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Utah Jazz reported to play in Las Vegas Summer League this off-season, display growth

Great news brought to you by Steve Carp of the Las Vegas Review-Journal and Jody Genessy of the Deseret News. Plus maps and tables and stuff, because it's me.

Julie Jacobson, Assoc Press

Yesterday Steve Carp of the Las Vegas Review-Journal reported that the Utah Jazz, yes our vindictive, stubborn, unwilling to admit fault, Utah Jazz were going to attend the Las Vegas Summer League this July. I only found out about it because I happen to follow the best beat writer in the game on twitter, Jody Genessy of the Deseret News. You can read Steve's article at the LV R-J here, or Jody's tweets here. I'm not going to recap all of the already available information, but I will piece together some of the facts in a hopefully new, and compelling way. It's about damn time that the Jazz are going to Vegas. It shows growth, and smarts; and most of all for Jazz fans, a decisive decision to chase away some of the ghosts of the past in order to make a better, baggage free future for our franchise.

If you don't know the story then you'll hear it here first. For the longest time the Utah Jazz were the hosts of one of the first Summer leagues, the Rocky Mountain Review. It was popular, had a number of teams coming in each year, and gave fans a chance to satiate their unquenchable thirst for basketball. In Utah basketball was the only game in town back then. Right now the Jazz still have minor league baseball and one of the best major league soccer teams on the continent. But back to the past - the Rocky Mountain Review was one of the premiere Summer leagues, and other ones (like the Long Beach) were far behind. Then Vegas started their own one about a decade ago.

Back in 2004, the Vegas Summer League was formed and its growth eventually led to the demise of the Rocky Mountain Revue in Salt Lake City. The Utah Jazz, which had supported the summer league event in its city, vowed not to participate in Las Vegas.

-Steve Carp, Las Vegas Review-Journal (March 21, 2014)

And that one hurt. It hurt because Utah used to even hold home games in Las Vegas, and another Summer league popped up in a flashier place that started to slowly but surely steal NBA teams from the RMR. More teams committed to Vegas than RMR, and eventually the Jazz stopped holding one. They took their proverbial talents to the Orlando Summer League instead and stayed with the small market / one team host theory.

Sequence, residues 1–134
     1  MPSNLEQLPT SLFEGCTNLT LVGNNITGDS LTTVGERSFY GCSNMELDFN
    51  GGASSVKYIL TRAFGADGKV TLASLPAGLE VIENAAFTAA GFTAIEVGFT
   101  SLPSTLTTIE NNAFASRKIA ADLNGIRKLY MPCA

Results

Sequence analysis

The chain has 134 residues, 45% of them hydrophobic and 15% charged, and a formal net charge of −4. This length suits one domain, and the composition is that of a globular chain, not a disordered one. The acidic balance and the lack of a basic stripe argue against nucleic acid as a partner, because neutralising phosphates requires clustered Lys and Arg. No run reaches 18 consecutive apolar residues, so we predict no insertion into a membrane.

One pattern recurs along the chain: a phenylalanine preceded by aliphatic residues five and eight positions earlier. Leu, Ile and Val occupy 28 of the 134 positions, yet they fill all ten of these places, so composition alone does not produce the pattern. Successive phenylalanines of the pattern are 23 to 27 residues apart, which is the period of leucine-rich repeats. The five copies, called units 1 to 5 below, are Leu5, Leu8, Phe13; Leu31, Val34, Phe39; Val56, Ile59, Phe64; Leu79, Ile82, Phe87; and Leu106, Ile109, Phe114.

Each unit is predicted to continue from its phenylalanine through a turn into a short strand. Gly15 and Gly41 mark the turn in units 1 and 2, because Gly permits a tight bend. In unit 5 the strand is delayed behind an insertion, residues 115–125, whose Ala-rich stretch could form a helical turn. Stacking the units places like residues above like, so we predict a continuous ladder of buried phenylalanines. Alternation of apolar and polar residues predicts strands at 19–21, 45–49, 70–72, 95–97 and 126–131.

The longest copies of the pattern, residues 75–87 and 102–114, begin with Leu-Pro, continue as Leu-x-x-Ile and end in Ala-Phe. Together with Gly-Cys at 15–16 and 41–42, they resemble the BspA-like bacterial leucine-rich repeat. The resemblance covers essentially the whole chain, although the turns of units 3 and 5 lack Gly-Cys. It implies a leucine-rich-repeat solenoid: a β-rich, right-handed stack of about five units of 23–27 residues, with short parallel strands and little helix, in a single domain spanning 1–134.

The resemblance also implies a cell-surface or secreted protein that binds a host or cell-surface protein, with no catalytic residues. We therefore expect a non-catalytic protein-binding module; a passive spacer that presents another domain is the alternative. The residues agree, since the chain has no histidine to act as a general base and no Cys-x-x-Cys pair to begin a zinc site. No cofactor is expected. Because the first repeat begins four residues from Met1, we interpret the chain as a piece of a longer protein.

It made no sense unless you held grudges. And our Utah Jazz franchise was one that did. I'm not privy to all of the information that others have, but I do have access to a map. And I know that Orlando is pretty far from Salt Lake City.


I know from firsthand experience how many people the Jazz org sends to the NBA Draft Combine - I can only imagine how many people they'd send to a Summer League (including trainers, coaches, PR goons, and so forth). It couldn't have been cheap. But I'm not a successful businessman, so I'm sure paying triple or more of what you normally would is better than paying someone you call an enemy. Well, it seems like they are trying to bury the hatchet right now. And it's not just one side doing the talking.

"Las Vegas has always supported the Jazz and it was clearly a consensus among my staff that Utah needed to be included," said Warren LeGarie, the founder of the summer league and who helps run the event for the NBA. "I think it was just a matter of being persistent and persistency won out.

"It's going to be great for the fans in Utah to make the drive over to Vegas and watch the new players they bring in and the young players they already have. We expect it's going to boost attendance a lot."

Jazz general manager Dennis Lindsey said it's important for the Jazz to develop its young talent closer to home.

"Having our training camp in Orlando was difficult for us and we felt it was time to move forward," Lindsey said. "We feel there's a natural tie-in with Las Vegas and it'll be great for our fans to follow us be able to see our young players. We're very excited about the move."

-Steve Carp, Las Vegas Review-Journal (March 21, 2014)